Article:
HatchRite™ Incubation Kits
- Egg incubation media and container all in one package!
- Use for any species
- Premeasured and soaked - just add eggs!
The HatchRite™ egg incubator kit includes premeasured incubation medium and an organizing tray. HatchRite™ is a very popular substrate for incubating the majority of pet reptile eggs. No water or mixing required! Simply pour the substrate into the included container, place eggs into substrate leaving roughly half of the egg exposed and place the container in an incubator.
You should frequently monitor the temperatures and inspect the eggs about once a week. If you happen to have any infertile eggs, mold or eggs that have become discolored, they should be removed from the incubation tray and discarded to keep the other viable eggs healthy. Once the eggs have successfully hatched you can discard the substrate.
Adding moisture to the substrate can be done for more tropical species that have higher humidity requirements.
Click here if you need a replacement HatchRite™.
|Reptile Species||Average Clutch||Egg Size||Suggested Kit|
|Crested Gecko||2||Small||1 Small|
|Gargoyle Gecko||2||Small||1 Small|
|Leachianus Gecko||2||Medium||1 Small|
|Leopard Gecko||2||Small||1 Small|
|Bearded Dragon||15-25||Small||1-2 Large|
|Ball Python||4-8||Large||1 Large|
1) Open pre-measured bag of HatchRite™ and pour it into the incubation container. HatchRite™ material should clump together slightly and should fill container to approximately 75%.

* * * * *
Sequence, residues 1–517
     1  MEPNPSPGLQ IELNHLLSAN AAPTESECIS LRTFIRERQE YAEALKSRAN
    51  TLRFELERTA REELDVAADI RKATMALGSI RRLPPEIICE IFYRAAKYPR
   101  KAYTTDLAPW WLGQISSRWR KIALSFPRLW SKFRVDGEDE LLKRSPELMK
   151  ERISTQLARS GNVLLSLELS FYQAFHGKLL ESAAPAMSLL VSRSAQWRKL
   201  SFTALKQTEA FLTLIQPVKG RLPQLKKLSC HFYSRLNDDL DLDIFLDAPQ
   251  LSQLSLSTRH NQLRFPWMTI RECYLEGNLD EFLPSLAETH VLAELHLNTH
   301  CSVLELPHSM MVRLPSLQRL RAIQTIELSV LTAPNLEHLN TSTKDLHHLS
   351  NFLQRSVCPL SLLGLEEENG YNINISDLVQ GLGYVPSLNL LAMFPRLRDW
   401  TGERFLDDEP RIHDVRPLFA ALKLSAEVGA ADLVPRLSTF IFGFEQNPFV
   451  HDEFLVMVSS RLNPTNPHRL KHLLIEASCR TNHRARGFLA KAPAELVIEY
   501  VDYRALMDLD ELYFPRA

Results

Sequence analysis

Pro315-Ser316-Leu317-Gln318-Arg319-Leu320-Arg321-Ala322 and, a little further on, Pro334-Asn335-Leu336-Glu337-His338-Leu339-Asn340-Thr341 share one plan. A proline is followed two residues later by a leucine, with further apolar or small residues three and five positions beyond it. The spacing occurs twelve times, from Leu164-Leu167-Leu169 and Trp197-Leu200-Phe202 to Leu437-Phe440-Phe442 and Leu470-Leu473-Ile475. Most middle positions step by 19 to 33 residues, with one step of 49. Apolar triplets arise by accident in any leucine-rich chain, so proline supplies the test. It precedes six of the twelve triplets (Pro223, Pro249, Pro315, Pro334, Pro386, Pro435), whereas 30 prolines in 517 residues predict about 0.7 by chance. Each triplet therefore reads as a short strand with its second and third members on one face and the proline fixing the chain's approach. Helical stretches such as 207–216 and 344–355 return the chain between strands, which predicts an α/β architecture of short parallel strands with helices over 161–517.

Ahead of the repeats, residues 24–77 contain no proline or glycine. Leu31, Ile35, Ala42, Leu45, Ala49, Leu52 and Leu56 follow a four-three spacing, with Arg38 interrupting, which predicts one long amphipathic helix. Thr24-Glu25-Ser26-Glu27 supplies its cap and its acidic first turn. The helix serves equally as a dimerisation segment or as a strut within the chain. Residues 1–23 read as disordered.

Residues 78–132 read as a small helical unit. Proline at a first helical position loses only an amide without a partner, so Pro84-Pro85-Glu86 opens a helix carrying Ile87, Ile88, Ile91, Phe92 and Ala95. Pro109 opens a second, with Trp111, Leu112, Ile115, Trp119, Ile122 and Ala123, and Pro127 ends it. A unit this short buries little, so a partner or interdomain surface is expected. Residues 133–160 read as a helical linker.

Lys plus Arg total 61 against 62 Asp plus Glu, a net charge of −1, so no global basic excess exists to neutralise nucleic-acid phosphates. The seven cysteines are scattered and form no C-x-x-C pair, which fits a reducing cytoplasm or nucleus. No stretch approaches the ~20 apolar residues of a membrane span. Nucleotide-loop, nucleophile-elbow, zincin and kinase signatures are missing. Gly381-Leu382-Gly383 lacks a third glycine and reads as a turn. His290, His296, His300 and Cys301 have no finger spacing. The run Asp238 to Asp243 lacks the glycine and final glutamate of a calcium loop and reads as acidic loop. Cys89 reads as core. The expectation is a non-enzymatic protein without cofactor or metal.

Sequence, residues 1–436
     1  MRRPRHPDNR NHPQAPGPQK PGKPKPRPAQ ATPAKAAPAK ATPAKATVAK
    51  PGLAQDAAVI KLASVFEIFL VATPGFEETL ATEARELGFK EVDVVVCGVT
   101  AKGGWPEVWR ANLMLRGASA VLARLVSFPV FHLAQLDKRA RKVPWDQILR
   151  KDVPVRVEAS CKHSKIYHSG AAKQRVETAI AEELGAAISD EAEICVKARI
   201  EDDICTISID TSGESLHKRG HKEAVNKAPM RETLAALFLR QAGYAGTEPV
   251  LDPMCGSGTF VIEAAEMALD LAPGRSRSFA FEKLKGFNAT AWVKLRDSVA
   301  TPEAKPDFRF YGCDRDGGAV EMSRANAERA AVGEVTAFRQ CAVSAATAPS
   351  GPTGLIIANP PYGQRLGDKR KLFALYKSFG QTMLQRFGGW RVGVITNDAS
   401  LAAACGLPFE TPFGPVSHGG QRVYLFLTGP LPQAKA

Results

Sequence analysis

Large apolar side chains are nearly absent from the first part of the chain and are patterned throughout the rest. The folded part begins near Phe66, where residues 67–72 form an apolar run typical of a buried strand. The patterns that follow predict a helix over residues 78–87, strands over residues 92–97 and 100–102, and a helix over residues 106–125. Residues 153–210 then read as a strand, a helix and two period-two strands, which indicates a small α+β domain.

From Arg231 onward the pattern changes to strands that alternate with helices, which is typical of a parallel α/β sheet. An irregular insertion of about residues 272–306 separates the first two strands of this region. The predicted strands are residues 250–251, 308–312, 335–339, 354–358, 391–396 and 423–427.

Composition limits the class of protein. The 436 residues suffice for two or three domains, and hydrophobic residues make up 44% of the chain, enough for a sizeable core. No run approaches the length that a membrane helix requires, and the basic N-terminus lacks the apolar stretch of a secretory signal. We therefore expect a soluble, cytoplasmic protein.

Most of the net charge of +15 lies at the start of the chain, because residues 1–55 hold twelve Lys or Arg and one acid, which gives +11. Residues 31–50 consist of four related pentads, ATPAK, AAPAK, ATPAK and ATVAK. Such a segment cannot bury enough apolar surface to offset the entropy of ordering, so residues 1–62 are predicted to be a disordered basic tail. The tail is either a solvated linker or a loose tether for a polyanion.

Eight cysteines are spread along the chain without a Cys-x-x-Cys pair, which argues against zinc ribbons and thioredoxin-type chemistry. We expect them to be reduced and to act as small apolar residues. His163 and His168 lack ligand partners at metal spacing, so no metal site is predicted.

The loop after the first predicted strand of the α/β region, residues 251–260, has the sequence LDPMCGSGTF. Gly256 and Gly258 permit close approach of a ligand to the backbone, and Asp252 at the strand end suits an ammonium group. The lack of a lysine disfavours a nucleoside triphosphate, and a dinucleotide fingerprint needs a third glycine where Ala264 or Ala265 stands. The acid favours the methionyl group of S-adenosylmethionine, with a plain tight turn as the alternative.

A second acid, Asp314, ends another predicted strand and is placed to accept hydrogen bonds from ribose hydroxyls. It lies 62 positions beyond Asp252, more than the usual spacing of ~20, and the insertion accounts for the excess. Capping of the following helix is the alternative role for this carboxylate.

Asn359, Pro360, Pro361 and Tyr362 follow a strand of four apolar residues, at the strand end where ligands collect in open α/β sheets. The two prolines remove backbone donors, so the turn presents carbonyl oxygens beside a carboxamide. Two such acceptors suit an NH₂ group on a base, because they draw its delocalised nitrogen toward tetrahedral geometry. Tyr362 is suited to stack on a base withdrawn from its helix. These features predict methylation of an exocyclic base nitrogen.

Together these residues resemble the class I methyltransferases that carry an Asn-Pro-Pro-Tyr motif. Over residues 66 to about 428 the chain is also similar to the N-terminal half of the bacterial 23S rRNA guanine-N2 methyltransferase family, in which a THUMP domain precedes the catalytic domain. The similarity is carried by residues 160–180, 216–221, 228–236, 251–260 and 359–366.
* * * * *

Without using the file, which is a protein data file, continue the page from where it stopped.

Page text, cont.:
2) Place eggs into incubation container. Nestle them about halfway into the HatchRite™. Place them in the position in which you found them. It is not recommended to rotate reptile eggs while they are incubating as it can cause death of the reptile.
3) Place the lid on the egg container. Be certain that your eggs do not come in contact with the lid on your container. Water condensation during the incubation process will collect on the lid and could be absorbed by the eggs if they come into contact with the lid. Note that your eggs will also swell as they develop and this too could cause them to come into contact with the lid. You should keep your eggs away from the sides of the chamber as well for the same reason.
4) Monitor your eggs. Open and inspect the egg container box once a week. This will allow for air exchange and give you an opportunity to check on the condition and health of the eggs. Dead or infertile eggs will typically discolor and begin to mold over in time. Live eggs generally retard mold growth. Molding eggs are best removed unless they are attached in the middle of a mass of connected eggs. In a connected group of eggs bad eggs should be left as not to risk damaging the other eggs.
5) Your eggs should remain full and robust throughout most of their incubation. It is not uncommon for some types of reptile eggs to sink in just prior to hatching. This is normal in some species. If your eggs start sinking in prior to 2 weeks before your projected hatch date it is typically a sign of dehydration. If this occurs simply open your egg incubation container and add a small amount of water into the corner of the container. The water will redistribute itself throughout the HatchRite™ medium. Be careful not to add too much water as this can drown the eggs. It is recommended to add small amounts over time to bring the moisture level back up rather than a large amount at one time. Do not spray or pour water directly onto the eggs.
6) Hatch Day! On hatch day, remove your new babies from the egg container and consult one of the many good books that are available on care and maintenance of reptiles.
7) Discard the HatchRite™. When eggs hatch they release leftover fluids into the HatchRite™ that will attract flies and will cause mold and bacteria to grow in the HatchRite™. For the best results, always use fresh HatchRite™ for each clutch.